Letter of the Day | Haunted by vaccine inequality
THE EDITOR, Madam:
The onset of COVID-19 has revealed many things about what really matters as it regards human existence. For example, handwashing can save lives; toilet paper is worth fighting for; and those big executives’ salaried jobs are worthless in a real crisis. Yes, cashiers, health workers, chefs and nurses proved to be far more important than previously agreed. Unfortunately, COVID-19 lessons will continue to attack us until we truly learn.
When the virus walked across the world, leaving sickness and death in its wake like the grim reaper, we all prayed for a saviour in the form of a vaccine. COVID-19 was not partial in its brutality, it affected rich and poor nations alike and bring all to their knees. Wealthy nations awash with cash showered money on Big Pharma to speed up the process of coming up with a cure. Some ordered from different pharmaceutical companies three times the number of their populations. And yes, they did promise to share.
When the vaccines were finally ready, then came a false scarcity. Wealthy nations hoarded the vaccine, securing more than 50 per cent of all vaccine, while only having 14 per cent of the world’s population. It was almost like a contest to see who among them could inoculate their population first. Wealthy nations can give first and second dosage to all who need it, and are now recommending a third booster; while other countries are barely managing to administer one dose. This is coupled with the vaccine hysteria – hesitancy driven by wayward popular influencers all around.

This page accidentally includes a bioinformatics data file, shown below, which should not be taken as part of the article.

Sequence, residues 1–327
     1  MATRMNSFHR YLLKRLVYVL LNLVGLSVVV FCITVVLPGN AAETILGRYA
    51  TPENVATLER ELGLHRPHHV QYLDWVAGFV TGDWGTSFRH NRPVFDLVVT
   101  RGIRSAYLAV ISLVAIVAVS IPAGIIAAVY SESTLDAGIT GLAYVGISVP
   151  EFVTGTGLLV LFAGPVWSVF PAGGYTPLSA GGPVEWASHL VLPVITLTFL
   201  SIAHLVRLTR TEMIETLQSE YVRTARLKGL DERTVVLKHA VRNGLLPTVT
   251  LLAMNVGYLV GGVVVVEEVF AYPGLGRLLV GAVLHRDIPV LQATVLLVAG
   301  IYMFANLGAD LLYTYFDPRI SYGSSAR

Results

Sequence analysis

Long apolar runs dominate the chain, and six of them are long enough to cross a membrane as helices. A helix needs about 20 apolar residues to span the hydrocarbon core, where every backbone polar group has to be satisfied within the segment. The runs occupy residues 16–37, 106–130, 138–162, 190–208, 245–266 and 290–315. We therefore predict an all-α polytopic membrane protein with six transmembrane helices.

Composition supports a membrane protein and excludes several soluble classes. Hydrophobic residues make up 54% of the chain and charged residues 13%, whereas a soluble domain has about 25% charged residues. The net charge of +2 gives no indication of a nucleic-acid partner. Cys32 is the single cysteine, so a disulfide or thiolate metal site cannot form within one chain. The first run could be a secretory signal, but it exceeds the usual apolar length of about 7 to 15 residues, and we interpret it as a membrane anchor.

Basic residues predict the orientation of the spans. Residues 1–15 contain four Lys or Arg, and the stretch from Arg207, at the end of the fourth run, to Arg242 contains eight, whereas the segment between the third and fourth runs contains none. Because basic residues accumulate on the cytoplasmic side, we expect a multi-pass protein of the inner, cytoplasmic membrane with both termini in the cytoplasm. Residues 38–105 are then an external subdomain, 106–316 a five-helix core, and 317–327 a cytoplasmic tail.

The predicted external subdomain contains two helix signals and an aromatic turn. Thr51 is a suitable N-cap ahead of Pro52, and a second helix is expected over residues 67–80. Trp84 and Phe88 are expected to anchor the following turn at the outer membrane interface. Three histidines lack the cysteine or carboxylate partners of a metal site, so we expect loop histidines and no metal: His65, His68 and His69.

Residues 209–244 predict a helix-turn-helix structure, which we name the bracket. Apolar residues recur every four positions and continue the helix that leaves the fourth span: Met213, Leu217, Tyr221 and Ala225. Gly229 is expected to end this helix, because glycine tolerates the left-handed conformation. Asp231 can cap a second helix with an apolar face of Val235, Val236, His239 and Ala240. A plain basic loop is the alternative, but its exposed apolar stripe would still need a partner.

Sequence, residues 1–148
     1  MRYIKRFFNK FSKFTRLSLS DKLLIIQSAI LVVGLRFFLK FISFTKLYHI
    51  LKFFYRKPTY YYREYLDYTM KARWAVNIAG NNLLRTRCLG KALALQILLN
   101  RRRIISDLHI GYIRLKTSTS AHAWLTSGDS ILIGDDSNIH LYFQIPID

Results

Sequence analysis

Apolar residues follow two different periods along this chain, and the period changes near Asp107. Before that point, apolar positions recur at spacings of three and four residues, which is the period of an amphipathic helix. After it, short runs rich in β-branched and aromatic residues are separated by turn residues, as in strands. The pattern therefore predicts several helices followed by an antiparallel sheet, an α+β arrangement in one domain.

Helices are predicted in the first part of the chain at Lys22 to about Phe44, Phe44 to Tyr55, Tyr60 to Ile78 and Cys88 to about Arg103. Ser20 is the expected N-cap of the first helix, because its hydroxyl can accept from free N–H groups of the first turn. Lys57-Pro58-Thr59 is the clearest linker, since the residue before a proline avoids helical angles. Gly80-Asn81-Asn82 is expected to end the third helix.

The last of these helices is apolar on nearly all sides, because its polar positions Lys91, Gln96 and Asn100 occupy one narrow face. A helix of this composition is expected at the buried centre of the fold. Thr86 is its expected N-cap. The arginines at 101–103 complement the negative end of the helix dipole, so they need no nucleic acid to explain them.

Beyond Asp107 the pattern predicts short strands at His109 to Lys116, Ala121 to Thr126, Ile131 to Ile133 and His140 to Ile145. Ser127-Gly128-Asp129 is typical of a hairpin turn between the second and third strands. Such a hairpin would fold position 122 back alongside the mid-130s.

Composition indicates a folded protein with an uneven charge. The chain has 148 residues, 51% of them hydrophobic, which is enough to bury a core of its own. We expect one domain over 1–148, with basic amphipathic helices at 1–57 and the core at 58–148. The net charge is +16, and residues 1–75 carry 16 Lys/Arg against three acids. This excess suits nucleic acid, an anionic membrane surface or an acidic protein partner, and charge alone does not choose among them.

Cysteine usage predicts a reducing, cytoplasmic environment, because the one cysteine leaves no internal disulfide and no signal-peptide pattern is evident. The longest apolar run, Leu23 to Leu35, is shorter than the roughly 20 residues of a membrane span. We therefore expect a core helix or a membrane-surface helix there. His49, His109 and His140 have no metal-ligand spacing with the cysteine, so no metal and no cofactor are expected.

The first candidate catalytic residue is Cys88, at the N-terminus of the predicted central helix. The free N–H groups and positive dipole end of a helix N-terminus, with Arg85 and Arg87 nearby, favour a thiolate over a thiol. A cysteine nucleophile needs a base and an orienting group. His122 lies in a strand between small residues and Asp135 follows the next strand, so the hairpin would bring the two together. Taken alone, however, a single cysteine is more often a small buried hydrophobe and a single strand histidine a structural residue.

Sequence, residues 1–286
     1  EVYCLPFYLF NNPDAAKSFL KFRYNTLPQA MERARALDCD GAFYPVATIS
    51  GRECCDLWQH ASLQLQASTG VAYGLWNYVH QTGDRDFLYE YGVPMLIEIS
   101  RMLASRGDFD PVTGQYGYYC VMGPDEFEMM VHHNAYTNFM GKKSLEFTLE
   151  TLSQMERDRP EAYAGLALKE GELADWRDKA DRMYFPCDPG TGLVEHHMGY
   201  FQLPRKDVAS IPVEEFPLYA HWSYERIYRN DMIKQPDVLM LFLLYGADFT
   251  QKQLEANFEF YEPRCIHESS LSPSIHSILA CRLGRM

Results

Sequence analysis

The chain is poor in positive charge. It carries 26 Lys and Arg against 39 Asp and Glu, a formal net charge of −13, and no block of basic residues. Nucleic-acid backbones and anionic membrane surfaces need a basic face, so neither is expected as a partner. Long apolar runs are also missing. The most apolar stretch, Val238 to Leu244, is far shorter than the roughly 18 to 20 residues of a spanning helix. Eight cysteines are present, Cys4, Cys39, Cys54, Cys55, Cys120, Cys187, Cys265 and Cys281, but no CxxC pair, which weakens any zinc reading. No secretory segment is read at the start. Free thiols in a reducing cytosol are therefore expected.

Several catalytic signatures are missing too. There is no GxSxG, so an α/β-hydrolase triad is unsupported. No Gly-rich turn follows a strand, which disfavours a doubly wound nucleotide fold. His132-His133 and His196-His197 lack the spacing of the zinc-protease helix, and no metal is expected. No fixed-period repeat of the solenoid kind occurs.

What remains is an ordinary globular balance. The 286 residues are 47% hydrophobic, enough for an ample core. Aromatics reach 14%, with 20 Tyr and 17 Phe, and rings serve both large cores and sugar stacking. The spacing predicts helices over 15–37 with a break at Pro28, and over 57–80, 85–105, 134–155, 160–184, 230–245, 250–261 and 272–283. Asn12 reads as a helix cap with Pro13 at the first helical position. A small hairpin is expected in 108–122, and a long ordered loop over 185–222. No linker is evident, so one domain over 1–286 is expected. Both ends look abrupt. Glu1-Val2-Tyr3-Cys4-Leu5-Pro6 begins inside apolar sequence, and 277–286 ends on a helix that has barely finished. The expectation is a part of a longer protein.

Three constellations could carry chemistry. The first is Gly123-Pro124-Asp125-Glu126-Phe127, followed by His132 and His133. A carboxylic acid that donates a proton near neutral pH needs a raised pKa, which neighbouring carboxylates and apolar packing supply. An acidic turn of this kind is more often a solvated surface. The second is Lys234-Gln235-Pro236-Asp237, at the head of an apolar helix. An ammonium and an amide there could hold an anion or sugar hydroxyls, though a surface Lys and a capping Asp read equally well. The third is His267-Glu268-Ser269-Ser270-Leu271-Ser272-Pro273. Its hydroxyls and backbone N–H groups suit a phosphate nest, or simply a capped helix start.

The effect of this is a double-edged sword as the virus is allowed to thrive and replicate; likely into a version more potent than the one before. The new strains are constantly being carried across borders. When this happens, wealthy nations naturally start to panic and further promote the boosters and order travel restrictions. Haunted by their hoarding, they yet again work feverishly to modify the vaccine to be effective against the new strains. How long will they keep this up? And is there another way?
There is no silver bullet to permanently stop the virus; however, I agree with the World Health Organization in advocating for vaccine equality. There are many challenges that poorer nations face in administering the vaccine; vaccine availability should not be one of them. It will only get worse if wealthy nations like America continue to focus on boosters for themselves, while some three billion-plus people across the globe have not been able receive a single dose. We need to vaccinate, in an equitable way, enough people across the globe to significantly curb the spread and replication of the virus. Otherwise, it will be akin to a dog trying to catch its tail, which will be futile.
Bronx, New York